Apple’s latest quarterly earnings show an increase in iPad sales. This follows the release of new iPad Pro models, which were widely praised in the tech press. However, it’s not these new iPads that have led to an increase in sales.
As Jason Snell highlights in his article on SixColors, year-over-year sales of the iPad have increased 15%. However, iPad revenue only increased 2%. In addition, the average selling price of the iPad decreased to $435. What this means is that, in spite of two new higher-priced iPad models, what has led to the increase in sales is Apple’s low-end model. In March of this year, Apple replaced the iPad Air 2 with a cheaper version starting at $329. Compare that to the starting price for the 10.5 inch iPad Pro which is twice as expensive at $649.
Yesterday’s numbers were interesting because they show that sales of the new, more expensive iPads are not necessarily stellar, but that Apple made a savvy decision by releasing a less expensive model. It’s likely that people with older iPads finally decided to upgrade at this more affordable price.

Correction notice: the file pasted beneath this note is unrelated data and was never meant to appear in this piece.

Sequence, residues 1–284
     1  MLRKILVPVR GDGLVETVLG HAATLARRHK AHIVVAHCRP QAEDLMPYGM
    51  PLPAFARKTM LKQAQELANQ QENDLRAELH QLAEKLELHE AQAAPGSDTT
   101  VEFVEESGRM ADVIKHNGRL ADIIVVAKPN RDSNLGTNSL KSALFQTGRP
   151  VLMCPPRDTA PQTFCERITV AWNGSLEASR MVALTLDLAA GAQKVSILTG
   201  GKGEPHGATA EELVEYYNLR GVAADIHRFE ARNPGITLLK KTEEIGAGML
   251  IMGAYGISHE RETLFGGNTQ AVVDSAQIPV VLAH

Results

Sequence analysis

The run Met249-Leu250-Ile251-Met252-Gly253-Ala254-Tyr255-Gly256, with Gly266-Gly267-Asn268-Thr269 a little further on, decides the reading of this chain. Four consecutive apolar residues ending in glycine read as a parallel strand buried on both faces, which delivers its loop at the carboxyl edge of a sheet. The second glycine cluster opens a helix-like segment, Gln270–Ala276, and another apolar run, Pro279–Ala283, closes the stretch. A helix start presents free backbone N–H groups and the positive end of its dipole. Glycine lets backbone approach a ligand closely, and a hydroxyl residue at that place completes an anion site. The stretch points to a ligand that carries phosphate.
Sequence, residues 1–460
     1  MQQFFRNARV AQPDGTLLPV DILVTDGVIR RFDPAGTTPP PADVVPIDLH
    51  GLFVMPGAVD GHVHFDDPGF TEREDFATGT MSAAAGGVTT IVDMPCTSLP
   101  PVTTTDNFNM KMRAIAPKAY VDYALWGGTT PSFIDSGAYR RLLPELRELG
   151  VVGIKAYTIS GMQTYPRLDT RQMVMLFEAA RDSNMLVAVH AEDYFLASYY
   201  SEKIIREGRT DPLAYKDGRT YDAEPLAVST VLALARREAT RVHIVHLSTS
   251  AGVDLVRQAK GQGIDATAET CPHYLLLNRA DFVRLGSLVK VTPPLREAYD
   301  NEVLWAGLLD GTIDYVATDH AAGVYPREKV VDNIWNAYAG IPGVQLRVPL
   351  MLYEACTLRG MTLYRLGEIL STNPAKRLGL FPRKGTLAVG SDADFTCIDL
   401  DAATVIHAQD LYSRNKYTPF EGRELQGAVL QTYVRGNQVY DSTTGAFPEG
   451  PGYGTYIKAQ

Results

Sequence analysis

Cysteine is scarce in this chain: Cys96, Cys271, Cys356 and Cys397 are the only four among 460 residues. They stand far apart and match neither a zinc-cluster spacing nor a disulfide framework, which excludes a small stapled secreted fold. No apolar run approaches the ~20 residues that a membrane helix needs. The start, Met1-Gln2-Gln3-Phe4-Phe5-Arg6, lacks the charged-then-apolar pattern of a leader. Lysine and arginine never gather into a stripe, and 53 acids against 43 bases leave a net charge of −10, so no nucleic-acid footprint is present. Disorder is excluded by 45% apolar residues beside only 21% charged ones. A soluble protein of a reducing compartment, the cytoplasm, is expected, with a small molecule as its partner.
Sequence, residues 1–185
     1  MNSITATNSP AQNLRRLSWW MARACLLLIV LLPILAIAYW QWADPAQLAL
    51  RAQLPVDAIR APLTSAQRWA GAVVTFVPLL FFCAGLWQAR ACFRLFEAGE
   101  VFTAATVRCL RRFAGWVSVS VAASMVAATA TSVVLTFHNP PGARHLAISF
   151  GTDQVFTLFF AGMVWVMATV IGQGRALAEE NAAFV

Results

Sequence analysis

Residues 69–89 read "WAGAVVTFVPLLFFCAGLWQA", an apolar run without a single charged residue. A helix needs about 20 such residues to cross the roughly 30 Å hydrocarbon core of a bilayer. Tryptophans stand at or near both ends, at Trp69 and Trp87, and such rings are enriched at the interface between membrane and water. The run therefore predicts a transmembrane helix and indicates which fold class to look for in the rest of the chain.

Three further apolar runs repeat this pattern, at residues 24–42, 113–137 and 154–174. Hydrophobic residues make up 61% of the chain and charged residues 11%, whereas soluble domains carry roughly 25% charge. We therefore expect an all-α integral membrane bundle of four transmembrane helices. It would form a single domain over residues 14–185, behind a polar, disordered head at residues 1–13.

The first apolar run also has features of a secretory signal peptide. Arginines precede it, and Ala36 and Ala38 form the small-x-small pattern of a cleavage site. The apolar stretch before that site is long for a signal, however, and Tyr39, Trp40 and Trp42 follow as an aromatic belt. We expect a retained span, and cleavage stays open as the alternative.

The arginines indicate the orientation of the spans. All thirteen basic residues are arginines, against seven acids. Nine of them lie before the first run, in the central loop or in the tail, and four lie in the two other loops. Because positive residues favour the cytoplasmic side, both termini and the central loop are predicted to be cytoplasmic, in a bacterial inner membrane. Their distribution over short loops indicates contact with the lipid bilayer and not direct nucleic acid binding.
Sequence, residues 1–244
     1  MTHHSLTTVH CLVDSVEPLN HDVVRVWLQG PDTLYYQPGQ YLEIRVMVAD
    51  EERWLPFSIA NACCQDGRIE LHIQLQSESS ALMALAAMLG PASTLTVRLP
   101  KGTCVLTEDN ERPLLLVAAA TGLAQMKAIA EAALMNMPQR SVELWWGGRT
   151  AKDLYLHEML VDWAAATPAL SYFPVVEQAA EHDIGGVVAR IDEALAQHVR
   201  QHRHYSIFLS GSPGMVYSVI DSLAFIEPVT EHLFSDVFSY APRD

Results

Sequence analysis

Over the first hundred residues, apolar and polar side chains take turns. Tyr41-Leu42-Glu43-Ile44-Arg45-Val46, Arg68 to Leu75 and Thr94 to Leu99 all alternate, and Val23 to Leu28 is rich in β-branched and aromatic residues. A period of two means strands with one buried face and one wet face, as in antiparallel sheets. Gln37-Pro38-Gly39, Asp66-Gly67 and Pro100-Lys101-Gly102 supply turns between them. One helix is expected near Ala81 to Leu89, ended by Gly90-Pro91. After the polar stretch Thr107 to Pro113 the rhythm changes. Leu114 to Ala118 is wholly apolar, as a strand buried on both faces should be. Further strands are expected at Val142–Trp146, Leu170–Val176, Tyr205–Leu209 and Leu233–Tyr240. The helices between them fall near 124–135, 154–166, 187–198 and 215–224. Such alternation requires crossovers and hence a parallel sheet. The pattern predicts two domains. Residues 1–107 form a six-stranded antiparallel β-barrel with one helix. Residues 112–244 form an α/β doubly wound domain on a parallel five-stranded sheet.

Apple does not have a history of competing by price. Their products are generally premium products at premium prices. There have been exceptions over the years, with low-and laptops, and cheaper versions of the iMac, and maintaining an older model in the product line as a teaser, but in general Apple’s prices generally do not compromise. But the company has seen that offering a low-price model of the iPad is extremely effective. It probably doesn’t bite into their high profit margin very much, and it keeps users in the Apple ecosystem. It’s worth noting that this iPad is not an older model, but an update to an older model with a new, faster processor; it’s not like when they still sell the iPhone 6 when the iPhone 7 is the current device.
Apple also saw this when they released the iPhone SE last year. The company was clearly unprepared for the success of this phone, which has proven popular both because of its low price and its diminutive size.
With two such low-priced successes, will Apple continue to offer some of its products at lower prices? It clearly makes sense for the bottom line.